Elway Gray, a 34-year-old pipe layer, entered the manhole – a confined space – and quickly became unresponsive. Louis O’Keefe, a 49-year-old laborer, entered the hole and attempted to rescue Gray. After O’Keefe also became unresponsive, Robert Wilson, a 24-year-old equipment operator, followed to help his fallen coworkers. All three men died. Post-incident atmospheric testing in the manhole revealed lethal levels of hydrogen sulfide and carbon monoxide. Two other employees and a volunteer firefighter were also exposed to the toxic gases in the manhole during rescue attempts but survived.

OSHA investigators cited Douglas N. Higgins, Inc. and its related contracting company, McKenna Contracting, LLC with 10 serious violations totaling $119,507, in penalties. The incident-related serious violations are for failing to purge or ventilate the confined space before entry, exposing the workers to an asphyxiation hazard, and not providing necessary rescue and emergency equipment for employees that were overcome inside a permit-required confined space.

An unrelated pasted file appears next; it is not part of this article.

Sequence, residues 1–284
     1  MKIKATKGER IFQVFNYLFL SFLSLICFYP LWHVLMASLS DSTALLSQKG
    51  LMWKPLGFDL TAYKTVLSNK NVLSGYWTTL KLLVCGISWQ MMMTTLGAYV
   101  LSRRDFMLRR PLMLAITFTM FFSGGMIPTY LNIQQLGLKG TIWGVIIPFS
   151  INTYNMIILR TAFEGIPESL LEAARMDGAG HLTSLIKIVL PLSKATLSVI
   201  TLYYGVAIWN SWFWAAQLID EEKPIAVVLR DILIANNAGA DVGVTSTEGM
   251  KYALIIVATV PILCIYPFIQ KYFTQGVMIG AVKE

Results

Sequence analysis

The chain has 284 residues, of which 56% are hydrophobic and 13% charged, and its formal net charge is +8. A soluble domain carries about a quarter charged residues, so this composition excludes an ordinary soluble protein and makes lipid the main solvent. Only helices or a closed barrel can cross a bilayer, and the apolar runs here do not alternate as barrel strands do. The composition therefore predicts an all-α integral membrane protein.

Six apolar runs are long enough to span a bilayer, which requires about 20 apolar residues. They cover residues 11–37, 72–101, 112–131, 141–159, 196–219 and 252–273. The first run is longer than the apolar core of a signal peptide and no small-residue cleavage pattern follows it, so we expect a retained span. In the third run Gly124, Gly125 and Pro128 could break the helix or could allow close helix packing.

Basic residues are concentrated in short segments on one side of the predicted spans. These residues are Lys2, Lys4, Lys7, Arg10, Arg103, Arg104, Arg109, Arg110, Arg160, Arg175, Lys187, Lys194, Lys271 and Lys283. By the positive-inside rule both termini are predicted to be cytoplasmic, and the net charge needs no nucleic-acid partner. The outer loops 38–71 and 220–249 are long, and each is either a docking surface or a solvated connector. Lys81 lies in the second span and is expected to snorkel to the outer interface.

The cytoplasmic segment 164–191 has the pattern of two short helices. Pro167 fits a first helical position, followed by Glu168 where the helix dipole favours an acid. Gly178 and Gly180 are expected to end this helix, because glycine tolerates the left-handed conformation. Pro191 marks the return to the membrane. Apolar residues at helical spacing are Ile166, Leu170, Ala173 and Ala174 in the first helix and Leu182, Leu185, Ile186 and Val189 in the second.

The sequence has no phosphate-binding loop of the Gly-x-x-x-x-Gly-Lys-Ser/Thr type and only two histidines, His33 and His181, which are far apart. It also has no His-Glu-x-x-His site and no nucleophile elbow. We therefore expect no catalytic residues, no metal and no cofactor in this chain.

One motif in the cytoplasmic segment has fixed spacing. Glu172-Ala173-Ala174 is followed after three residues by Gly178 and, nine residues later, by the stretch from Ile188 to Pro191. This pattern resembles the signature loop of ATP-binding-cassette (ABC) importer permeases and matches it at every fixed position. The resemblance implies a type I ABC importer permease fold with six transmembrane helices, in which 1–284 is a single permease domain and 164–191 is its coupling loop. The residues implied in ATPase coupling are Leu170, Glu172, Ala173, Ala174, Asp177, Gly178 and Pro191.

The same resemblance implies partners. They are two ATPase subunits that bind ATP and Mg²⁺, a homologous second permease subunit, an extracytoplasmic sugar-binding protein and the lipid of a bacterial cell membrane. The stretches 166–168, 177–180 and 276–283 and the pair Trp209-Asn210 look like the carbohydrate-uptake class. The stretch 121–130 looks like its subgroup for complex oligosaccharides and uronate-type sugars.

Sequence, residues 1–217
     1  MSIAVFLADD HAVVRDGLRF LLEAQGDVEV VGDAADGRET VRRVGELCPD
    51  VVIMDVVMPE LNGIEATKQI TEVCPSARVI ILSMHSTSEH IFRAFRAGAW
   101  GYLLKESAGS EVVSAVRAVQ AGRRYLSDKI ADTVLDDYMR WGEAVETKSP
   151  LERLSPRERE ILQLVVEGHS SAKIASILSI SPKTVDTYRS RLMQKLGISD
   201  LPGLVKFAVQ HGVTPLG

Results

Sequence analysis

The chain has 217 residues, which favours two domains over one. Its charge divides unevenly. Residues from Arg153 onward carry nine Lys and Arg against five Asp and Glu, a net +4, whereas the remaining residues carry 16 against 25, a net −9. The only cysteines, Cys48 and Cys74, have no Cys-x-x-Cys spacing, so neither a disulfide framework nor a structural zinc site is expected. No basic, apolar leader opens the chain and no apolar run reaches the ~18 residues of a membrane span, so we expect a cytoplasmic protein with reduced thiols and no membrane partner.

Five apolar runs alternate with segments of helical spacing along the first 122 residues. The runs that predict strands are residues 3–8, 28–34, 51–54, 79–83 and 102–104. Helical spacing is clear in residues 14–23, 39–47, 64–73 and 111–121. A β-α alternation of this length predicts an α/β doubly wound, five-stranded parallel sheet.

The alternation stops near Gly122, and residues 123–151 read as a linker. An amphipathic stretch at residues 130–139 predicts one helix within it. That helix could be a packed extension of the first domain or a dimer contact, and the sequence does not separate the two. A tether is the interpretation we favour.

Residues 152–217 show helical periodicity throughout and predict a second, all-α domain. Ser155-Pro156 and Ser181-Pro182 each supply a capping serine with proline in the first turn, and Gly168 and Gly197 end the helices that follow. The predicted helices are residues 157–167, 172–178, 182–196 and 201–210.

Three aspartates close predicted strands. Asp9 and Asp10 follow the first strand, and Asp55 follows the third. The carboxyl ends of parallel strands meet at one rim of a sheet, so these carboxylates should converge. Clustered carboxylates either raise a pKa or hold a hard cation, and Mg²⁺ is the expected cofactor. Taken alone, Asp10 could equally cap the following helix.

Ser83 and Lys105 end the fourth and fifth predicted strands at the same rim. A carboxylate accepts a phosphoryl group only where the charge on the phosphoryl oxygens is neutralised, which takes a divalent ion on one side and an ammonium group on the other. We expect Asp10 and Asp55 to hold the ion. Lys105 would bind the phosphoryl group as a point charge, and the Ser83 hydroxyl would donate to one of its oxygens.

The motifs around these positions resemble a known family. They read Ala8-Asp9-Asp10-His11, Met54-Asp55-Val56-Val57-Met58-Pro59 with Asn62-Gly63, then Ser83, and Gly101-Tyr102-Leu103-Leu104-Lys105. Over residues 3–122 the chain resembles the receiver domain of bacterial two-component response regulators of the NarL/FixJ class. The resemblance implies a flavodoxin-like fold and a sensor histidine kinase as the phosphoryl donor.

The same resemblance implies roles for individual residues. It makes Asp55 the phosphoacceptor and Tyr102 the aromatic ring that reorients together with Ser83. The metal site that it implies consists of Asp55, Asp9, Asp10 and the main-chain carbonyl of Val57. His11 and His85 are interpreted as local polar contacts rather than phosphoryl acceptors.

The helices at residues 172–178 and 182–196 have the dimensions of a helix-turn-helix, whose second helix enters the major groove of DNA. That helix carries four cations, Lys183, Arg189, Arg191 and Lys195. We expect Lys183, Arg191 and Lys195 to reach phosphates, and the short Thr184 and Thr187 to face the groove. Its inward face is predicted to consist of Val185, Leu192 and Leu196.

In addition, OSHA issued serious citations to Higgins and McKenna Contracting for failing to:

  • Develop and implement a written hazard communication program for a worksite in which employees were exposed to dangerous chemicals and gases.
  • Use a calibrated direct-reading device to test for toxic gases, creating an asphyxiation hazard.
  • Create and document the confined space entry permit.
  • Provide training to employees in the safe performance of their assigned duties in permit-required confined spaces.